Opera has existed for many centuries at the crossroads of several artistic disciplines, functioning as a platform for singers, dancers, puppeteers, artists, builders, designers, writers and so forth. The word itself translates from Italian as “work, effort, labor”; however, opera has long been associated specifically with a theatrical art featuring the human voice. Robert Ashley, who passed away only two years ago in March, revolutionized the opera genre in the second half of the 20th century, and his oeuvre always invites the question “What makes opera opera?” In a posthumous première of his opera-novel Quicksand  at The Kitchen in New York City, Ashley’s ingenuity was awakened by a troupe of artists who understand his work on a spiritual level.

<i>Quicksand</i> © Paula Court
Quicksand
© Paula Court

Published first as a novel in 2011, the libretto for the opera Quicksand was unabridged from its literary state and was in fact spoken, not sung, by the composer’s recorded voice. The plot is familiar to the crime genre; the first scene opens on a male protagonist finding himself in a foreign hotel room where he shoots the room service, whom he suspects of conspiring against him. The protagonist, a composer who works as a courier/spy for a United States Government agency “The Company”, is on a yoga tour of a unnamed Southeast Asian country with his wife when two tour guides convince him to join their revolution against their government. 

Ashley’s focus on human speech over sung melodies certainly cocks the listener’s head, but the assembly and presentation of independent art forms with the highest degree of free will granted to the artistic partners made the opera exceptional. Each collaborator was given the liberty to create art based on Ashley’s 16 scenes, but given no guidelines as to style, time period, or effect, the creators presented material often unrelated to the narrative, placing Ashley’s design on the far side of the spectrum from Wagner’s orderly Gesamtkunstwerk. When analyzed individually, however, components of the opera did not seem absurdly avant-garde by third-millennium standards. Ashley’s own narration, for instance, is reminiscent of Jack Kerouac’s stream-of-consciousness poetry in the form of pulp noir fiction, and the choreography, which appeared at times spontaneous, followed coherent repetition.

Choreographer Steve Paxton concentrated on the idea of dance as a form of divertissement when he defined the movement for himself and performers Jurij Konjar and Maura Gahan. To add variation to the scenes, a massive patchwork blanket hung perpendicular to the floor, and Paxton often used the object to cloak the performers in amorphous forms or to swiftly remove the performers from the stage. In reoccurring instances, Konjar sat in a plain chair typing, perhaps mocking the notion of Ashley as the mystery novelist at work, and Gahan fulfilled the role of the platonic love-interest, the tour guide Pu, in a jagged pas de deux with Konjar. Aside from these few instances though, the choreography existed on its own terms, providing the listener to momentary break from Ashley’s omnipresent voice, tirelessly narrating.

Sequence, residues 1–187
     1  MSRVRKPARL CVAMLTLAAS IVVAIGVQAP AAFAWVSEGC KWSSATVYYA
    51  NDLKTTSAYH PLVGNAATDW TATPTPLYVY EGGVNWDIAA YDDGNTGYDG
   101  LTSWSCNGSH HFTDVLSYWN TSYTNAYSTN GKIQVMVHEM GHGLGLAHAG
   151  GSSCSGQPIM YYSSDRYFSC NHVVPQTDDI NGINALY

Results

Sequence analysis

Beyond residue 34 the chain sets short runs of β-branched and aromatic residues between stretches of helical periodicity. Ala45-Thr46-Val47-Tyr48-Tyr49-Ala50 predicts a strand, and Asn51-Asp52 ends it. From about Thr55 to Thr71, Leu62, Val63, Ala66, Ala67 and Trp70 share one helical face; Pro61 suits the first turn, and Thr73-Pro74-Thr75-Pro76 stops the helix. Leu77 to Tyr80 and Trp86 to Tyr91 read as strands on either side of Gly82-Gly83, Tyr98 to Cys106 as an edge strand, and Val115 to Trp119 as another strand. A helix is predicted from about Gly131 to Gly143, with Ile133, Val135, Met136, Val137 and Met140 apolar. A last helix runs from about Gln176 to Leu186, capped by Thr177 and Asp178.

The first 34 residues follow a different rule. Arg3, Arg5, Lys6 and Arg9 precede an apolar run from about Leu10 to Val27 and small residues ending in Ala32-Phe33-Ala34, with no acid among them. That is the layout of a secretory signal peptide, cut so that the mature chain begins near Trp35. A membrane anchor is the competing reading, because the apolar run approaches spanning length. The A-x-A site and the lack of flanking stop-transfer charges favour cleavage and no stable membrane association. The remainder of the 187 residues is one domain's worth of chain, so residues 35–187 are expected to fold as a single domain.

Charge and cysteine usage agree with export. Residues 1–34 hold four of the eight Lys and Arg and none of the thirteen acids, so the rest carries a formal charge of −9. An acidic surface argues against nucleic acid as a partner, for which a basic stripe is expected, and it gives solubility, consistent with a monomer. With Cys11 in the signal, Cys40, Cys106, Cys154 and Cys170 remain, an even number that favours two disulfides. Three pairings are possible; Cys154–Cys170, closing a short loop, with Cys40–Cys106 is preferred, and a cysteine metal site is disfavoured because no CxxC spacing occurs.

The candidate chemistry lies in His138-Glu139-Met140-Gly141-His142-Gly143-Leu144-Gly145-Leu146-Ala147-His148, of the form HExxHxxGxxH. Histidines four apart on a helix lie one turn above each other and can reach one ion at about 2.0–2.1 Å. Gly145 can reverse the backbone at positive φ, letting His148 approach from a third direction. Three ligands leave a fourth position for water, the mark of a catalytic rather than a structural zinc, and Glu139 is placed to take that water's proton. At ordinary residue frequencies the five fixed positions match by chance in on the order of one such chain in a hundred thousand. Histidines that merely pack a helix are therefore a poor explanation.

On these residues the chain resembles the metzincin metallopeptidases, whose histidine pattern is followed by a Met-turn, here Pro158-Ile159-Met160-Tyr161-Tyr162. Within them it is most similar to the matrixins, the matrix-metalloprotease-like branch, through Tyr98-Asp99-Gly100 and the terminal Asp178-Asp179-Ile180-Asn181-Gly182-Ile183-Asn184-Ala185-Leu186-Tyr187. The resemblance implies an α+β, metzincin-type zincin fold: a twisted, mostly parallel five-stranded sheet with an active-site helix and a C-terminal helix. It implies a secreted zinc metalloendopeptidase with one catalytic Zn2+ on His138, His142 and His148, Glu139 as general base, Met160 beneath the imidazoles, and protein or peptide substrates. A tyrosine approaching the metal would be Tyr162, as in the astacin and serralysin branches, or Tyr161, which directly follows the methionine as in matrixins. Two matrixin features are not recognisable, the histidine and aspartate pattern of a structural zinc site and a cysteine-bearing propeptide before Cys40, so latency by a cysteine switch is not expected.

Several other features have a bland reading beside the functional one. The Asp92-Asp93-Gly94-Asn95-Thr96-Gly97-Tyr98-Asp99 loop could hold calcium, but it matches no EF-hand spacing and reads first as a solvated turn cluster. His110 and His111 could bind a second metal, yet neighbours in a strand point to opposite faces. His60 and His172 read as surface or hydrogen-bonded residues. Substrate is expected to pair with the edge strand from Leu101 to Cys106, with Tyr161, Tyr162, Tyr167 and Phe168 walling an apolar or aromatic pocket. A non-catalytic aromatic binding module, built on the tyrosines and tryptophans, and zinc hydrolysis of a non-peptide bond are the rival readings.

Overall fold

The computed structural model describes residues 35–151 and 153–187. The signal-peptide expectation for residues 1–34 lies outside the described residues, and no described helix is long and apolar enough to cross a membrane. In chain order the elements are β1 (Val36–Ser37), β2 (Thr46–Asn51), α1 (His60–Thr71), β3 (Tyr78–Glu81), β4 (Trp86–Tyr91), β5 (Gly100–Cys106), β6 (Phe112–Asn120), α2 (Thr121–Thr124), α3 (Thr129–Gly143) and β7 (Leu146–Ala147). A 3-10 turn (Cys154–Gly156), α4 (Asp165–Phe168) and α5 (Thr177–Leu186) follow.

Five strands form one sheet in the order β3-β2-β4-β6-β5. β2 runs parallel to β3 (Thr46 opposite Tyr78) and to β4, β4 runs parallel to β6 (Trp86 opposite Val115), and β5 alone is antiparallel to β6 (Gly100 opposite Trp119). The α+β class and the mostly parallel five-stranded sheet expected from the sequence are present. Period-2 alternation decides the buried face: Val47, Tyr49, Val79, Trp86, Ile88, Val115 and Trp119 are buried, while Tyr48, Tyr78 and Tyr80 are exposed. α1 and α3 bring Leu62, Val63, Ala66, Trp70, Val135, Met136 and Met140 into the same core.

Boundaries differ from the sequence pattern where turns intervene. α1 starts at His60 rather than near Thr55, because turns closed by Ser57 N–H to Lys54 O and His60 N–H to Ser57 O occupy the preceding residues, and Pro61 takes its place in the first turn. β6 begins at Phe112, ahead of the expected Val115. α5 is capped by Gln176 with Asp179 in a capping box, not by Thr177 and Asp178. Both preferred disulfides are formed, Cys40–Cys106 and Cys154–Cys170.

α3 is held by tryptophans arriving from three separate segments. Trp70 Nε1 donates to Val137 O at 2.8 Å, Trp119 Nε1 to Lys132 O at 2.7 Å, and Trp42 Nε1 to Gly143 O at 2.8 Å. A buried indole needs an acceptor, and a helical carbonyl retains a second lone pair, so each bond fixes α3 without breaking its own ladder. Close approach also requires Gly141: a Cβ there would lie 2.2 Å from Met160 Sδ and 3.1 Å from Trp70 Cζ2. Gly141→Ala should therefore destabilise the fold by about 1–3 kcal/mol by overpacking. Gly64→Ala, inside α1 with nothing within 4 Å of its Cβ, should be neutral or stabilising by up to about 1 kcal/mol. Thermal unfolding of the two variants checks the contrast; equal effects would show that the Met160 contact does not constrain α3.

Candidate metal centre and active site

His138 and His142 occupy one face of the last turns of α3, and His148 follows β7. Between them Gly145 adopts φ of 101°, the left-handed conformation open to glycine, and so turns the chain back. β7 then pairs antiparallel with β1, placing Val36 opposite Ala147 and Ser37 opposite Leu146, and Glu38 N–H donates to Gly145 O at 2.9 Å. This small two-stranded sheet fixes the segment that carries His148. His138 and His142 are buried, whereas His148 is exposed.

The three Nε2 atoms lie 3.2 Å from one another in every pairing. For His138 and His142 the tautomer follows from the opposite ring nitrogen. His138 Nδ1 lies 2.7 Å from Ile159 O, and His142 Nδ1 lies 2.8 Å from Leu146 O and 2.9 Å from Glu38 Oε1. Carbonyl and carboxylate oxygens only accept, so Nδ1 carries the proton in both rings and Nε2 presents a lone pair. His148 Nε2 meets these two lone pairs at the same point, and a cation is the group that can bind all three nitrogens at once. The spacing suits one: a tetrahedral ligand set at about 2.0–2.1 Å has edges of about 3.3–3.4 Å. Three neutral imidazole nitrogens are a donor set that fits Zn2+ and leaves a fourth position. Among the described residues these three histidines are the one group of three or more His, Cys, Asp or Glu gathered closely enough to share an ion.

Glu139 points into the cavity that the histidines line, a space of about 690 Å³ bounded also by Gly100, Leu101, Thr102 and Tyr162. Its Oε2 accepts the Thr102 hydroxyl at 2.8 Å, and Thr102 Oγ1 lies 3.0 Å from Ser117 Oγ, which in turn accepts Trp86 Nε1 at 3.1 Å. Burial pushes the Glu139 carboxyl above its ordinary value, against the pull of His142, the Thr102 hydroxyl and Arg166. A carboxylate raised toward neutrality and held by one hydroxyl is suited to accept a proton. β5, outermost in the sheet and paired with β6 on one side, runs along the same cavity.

The electronic composition, composed by Tom Hamilton, floated in the background with the lighting and choreography. For the most part, the music, generated from a series of 16 chords, was homogenous white noise to cleanse the aural space so the audience might focus entirely on Ashley’s voice. Like the choreography, the music did not follow the narrative in a literal way, and its dynamic volume remained lesser than that of Ashley’s voice, save a few instances where the intensity grew briefly for no particular reason.

In contrast to Hamilton and Paxton, David Moody’s lighting design seemed to draw more thematically from the opera’s narrative. Flashes of light signified the start of new chapters and two white lights on either side of the stage were flashed each time a gun fired. However, being inherently abstract, the lighting also acted out scenes of its own with orbs drifting across the room and blocks of light forming orderly patterns on the floor.

Though Ashley’s narrator is at times suave, witty, and intelligent, one can’t help but wonder if he might also be paranoid or delusional. Given Ashley’s own love for mystery novels and the protagonist’s occupation (composer), it is easy to assume this story might be one Ashley fantasized about in his own moments of existential dread. As biographers and historians begin to make connections between the details of Ashley’s personal life and his operas, the events of Quicksand are sure to expound deep-rooted significance; after all, the narrator’s obsession with the young tour guide is one of the only plot motives integrated into the choreography.